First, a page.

Uncut with Jay Cutler: Dog the Bounty Hunter Explains His Nickname, How He Got Into Bounty Hunting

by Chris Haney
uncut-with-jay-cutler-dog-the-bounty-hunter-explains-his-nickname-how-he-how-got-into-bounty-hunting

We’ve got a guest that needs no introduction on Uncut with Jay Cutler this week as Duane Chapman, better known as Dog the Bounty Hunter, joins the show. Host Jay Cutler spoke with Chapman at length about his life, bounty hunting career, and new ministry called “Light Up the Darkness.”

Of course, most of Chapman’s fans know him from his popular A&E series, Dog the Bounty Hunter. From 2004 to 2012, the reality TV show followed Chapman’s daily experiences as a bounty hunter in Hawaii and his home state of Colorado. During his podcast appearance, Cutler gets Chapman to open up about his famous career.

Chapman shares the story of how he got into bounty hunting while serving time in prison in his early 20s. He speaks about how his newfound career kept him out of jail and away from his biker gang lifestyle. Dog the Bounty Hunter also shares more about his early days on the job as he worked to put food on the table for his family. That’s why he was capturing up to six bounties per day in the earlier years of his career.

Fans who have always been curious about Chapman’s nickname, Dog, will also be treated to its origin story. Without giving it away quite yet, it dates back to his days with the biker gang, which Chapman joined when he was only 15 years old after running away from home.

Finally, the reality TV star also breaks down how his A&E series got started. Chapman talks plenty about the popular show that led to several spinoffs and has made him a household name over the years. We’ve got that and a lot more with Dog the Bounty Hunter on the newest episode of Uncut with Jay Cutler.

Dog the Bounty Hunter Shares How He Got His Famous Nickname

Duane Chapman grew up in Colorado and had a rough childhood to say the least. By the time he was only 15, Chapman joined the Devils Diciples Motorcycle Club (DDMC) and ran away from home. Yet even though he grew up in an abusive household, his family did make sure that he went to church. That’s where the foundation for Chapman’s faith began, which is still a huge part of who he is to this day.

While the biker gang wasn’t exactly a good influence, Chapman never strayed from his faith. In fact, he was well-known within the group for talking about his religious beliefs. Therefore the president of the motorcycle club had an idea for Chapman’s nickname.

“I always spoke of God my whole life,” Chapman explained on Uncut with Jay Cutler. “So the president said, ‘Listen, you’re very loyal, you show up for every fight, you’re man’s best friend, and you always talk about God. So we’re going to name you God spelled backwards as Dog.’ So like dog, as in man’s best friend.”

The 69-year-old bounty hunter went on to share a recent story about a conversation he had with a preacher. Chapman knows he’s been blessed in life, and he doesn’t take that for granted.

“Some preacher asked me the other day, ‘Why are you spoiled with God?'” Chapman continued. “Cause you wouldn’t believe some of the miracles God’s done for me. And I said, ‘Well, who else carries around his nickname?’ So it all fit together in one package.”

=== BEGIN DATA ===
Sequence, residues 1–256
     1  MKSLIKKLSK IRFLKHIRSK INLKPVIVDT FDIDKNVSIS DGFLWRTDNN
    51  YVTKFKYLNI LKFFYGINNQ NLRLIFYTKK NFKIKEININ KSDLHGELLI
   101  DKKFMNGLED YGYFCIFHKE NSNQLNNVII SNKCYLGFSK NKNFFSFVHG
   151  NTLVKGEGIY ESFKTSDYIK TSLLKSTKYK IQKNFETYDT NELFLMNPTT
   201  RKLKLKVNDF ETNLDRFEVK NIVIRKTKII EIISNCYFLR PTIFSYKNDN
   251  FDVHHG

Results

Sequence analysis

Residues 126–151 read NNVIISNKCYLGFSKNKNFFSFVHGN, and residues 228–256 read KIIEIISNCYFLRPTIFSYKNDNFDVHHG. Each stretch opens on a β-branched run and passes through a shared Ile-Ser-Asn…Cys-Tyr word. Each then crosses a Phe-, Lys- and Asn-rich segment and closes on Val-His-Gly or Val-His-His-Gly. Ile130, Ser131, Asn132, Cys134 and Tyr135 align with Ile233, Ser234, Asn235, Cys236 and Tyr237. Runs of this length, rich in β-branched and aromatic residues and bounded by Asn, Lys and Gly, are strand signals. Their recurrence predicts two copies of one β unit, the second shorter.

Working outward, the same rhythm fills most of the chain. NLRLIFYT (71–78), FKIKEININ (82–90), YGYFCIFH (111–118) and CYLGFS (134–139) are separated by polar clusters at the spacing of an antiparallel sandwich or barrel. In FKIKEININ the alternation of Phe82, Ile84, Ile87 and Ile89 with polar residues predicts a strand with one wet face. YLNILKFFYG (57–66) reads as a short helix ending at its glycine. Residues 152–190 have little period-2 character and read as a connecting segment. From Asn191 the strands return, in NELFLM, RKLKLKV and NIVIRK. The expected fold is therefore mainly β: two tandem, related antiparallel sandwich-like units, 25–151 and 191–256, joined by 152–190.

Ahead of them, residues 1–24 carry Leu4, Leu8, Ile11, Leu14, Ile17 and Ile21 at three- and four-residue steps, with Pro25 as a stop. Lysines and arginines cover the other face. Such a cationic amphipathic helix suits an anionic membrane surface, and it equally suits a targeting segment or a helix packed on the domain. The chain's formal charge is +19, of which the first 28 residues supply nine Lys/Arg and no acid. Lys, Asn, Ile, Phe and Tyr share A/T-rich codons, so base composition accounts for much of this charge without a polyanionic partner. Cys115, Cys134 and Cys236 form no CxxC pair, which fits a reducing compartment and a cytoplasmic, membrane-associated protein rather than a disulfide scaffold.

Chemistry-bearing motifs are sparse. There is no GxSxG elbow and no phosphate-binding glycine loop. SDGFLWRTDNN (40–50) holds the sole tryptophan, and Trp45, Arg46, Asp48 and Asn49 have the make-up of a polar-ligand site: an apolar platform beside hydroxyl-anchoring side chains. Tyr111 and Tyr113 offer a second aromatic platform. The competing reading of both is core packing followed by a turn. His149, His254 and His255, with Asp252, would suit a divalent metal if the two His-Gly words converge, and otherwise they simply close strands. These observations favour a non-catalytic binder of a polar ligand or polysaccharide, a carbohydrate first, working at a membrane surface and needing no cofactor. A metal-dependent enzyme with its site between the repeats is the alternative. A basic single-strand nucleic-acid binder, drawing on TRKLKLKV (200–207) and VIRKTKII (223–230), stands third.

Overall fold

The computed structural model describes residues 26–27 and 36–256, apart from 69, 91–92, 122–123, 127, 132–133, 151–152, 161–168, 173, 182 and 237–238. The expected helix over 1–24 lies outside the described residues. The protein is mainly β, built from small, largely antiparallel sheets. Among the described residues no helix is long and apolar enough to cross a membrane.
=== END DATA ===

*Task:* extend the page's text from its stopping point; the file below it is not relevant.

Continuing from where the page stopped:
Duane Chapman Explains How He Became a Bounty Hunter

As previously mentioned, Duane Chapman got involved with a biker gang while he was just a teenager. His affiliation with the group led him to get caught up in some trouble from time to time. But none more so than when he was convicted of first degree murder in 1976. He served 18 months of a five-year sentence in a Texas prison for being the driver to a friend who was part of a marijuana deal gone bad.

Yet his early troubled years are what helped form the man that he is today. While serving time behind bars, Chapman made a conscious decision to turn his life around. Additionally, a random encounter in prison chasing down a cellmate is what started Chapman on a path to bounty hunting. His friend in prison had just lost a family member and attempted to make a run for it. Chapman saw guards taking aim for his friend and took action.

“I saw the 30-30 rifles from the towers gonna gun him down. So I took out after him and tackled him,” Chapman shared on Uncut with Jay Cutler. “A lieutenant was right behind me with a .38 pistol just getting ready to shoot me. And he saw what I was doin’. He thought I was running with him. As [my friend] fell to the ground, the lieutenant threw down these handcuffs and said, ‘Hook ’em up, bounty hunter.'”

In a way, you could say that was Chapman’s first chase down even though he didn’t know it at the time. There would be thousands more to come over his more than four decade-career. 18 months into his sentence, he got out of prison and the first thing he did was get a badge and look up the Top 10 Most Wanted fugitives.

“And then I went to the post office and got a copy of the Top 10 Most Wanted,” Chapman added. “About two months later, I caught one of them, and then the FBI took over and started training me… So, 44 years later, I’ve arrested over 10,000 fugitives and never killed anyone.”

As they say, the rest was history. Dog the Bounty Hunter talks about that and much more on the newest episode of Uncut with Jay Cutler. Make sure to watch his entire interview in the video above, or tune in and listen on Spotify, Apple, or wherever else you listen to your favorite podcasts.

Outsider.com